It is benneficial to post ranges used by the lab. T ranges vary from the test equipment used. Find that T4 range they used. It should be what is called Free T 4, not just T4. You need to find a naturo path Dr that will test Free T3. This will most likely mean going out of your national health care system in the UK.

"This is before I realized the connection with T4 and cortisol"

- what connection?

You can have stressed adrenals if your thyroid is also low.

I'm not sure what you are asking here, not very clear.

Anxiety as a severe hypothyroid symptom = unnatural high energy and will actually cover up fatigue. Its nature way of keeping us alive and alert in survival mode.


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1366574_tn?1294609790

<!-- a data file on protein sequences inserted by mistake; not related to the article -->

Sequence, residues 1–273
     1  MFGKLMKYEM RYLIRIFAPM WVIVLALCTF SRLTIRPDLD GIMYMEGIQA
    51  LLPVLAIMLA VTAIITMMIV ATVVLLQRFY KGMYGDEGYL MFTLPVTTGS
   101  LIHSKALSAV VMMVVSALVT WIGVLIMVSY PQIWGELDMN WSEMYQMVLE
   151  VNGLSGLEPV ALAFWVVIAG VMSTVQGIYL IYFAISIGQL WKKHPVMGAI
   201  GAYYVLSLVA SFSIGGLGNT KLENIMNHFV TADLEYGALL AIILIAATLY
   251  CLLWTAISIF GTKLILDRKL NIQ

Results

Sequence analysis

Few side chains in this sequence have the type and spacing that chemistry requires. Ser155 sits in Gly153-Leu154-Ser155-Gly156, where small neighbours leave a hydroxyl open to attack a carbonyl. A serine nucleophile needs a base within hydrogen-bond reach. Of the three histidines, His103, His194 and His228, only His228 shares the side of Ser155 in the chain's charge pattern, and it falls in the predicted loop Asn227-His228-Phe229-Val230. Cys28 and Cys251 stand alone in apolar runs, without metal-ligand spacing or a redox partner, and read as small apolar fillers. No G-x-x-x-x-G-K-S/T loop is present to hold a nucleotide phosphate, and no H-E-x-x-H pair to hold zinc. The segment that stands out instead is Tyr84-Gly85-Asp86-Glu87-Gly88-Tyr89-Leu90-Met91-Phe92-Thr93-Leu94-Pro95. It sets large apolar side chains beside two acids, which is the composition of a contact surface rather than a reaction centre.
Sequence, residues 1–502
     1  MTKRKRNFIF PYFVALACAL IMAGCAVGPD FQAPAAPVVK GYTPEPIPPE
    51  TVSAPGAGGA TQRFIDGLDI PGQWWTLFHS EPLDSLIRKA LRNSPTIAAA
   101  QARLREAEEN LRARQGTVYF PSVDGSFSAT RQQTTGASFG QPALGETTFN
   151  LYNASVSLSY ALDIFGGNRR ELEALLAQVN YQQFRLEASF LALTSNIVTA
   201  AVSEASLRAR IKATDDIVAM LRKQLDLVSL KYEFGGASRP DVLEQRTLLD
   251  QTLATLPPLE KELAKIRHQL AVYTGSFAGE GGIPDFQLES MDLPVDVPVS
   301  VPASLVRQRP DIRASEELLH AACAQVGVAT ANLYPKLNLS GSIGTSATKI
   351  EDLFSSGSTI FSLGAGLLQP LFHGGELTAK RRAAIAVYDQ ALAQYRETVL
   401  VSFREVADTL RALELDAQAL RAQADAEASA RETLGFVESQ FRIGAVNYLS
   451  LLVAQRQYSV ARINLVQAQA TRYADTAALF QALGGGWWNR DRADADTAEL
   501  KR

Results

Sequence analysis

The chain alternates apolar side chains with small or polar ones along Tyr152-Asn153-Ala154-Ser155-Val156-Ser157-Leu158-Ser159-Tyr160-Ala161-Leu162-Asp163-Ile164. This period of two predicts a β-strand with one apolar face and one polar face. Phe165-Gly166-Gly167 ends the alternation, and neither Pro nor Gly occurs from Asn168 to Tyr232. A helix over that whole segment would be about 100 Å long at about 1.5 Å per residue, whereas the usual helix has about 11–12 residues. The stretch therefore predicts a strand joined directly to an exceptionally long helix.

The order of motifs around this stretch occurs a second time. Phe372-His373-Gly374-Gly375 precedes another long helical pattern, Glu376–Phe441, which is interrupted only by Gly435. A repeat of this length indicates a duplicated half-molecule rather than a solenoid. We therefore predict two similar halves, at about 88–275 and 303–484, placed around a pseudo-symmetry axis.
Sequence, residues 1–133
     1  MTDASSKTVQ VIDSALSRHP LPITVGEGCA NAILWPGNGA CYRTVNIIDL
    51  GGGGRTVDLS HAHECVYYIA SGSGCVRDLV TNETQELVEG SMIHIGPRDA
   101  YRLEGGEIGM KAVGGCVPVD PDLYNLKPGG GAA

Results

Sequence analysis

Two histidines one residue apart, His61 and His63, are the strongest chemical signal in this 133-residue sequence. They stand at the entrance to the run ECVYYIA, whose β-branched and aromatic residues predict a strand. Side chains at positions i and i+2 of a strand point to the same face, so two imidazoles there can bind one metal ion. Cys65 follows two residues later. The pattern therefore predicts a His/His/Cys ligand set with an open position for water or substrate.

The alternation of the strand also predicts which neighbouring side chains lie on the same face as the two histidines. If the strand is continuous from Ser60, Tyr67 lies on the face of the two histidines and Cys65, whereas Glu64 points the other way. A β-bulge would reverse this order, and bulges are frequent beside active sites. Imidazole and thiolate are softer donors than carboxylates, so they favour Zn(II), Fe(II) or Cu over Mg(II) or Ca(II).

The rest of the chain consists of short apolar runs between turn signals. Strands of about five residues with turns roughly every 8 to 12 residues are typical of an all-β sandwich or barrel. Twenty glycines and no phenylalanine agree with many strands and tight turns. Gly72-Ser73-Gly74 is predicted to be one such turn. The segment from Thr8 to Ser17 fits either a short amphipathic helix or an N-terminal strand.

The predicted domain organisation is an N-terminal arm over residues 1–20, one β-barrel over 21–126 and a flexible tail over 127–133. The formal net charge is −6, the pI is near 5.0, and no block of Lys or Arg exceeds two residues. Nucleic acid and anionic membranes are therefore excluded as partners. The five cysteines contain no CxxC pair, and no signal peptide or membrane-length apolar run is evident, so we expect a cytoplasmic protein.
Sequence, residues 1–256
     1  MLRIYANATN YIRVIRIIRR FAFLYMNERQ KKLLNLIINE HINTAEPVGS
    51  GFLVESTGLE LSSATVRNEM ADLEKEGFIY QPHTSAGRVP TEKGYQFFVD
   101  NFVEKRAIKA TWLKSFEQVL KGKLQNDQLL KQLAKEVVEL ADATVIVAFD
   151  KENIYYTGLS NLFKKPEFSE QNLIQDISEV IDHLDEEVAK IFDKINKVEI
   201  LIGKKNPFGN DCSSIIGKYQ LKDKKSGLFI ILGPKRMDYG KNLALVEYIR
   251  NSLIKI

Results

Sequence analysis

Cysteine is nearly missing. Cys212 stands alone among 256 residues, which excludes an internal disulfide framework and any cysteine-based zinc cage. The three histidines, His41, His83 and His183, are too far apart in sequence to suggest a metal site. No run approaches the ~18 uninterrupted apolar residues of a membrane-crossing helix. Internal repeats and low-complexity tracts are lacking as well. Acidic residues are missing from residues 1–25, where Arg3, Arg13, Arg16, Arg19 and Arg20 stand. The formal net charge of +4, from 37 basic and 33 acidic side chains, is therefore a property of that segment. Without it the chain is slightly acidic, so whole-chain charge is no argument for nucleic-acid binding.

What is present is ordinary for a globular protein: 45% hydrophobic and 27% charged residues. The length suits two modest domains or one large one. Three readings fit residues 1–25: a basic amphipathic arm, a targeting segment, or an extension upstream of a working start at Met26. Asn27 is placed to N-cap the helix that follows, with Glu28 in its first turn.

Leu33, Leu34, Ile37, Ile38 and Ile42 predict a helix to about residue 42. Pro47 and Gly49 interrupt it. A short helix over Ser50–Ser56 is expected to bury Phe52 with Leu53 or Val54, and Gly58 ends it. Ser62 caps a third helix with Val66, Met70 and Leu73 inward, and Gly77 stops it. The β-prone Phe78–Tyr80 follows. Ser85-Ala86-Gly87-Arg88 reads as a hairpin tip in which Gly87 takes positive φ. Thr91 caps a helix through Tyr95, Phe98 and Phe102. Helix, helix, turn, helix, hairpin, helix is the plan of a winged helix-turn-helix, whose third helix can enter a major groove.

I am glad you responded and I shall try to be more clear. I guess I am very casual with such an exact science, I shall try to explain it more clearly.

My last readings at the end of September

TSH          >100 mU/L (0.30 - 4.20)
Free T4     3.2 pmol/L  (12.0 - 22)

I read that stressed adrenal  may effect the the conversion T4's into T3's as it is coverted by the 5' - deidodiase enzymes and the process does not work as it should when the adrenals are ineffective.

I wanted to know if my cortisol level which was measured in july 2009 as 414nmol/l, (unfortunately no range was given) is a sign of adrenal stress or not - the doctor did write that it did not show signs of hypofunction. I just wanted clarification.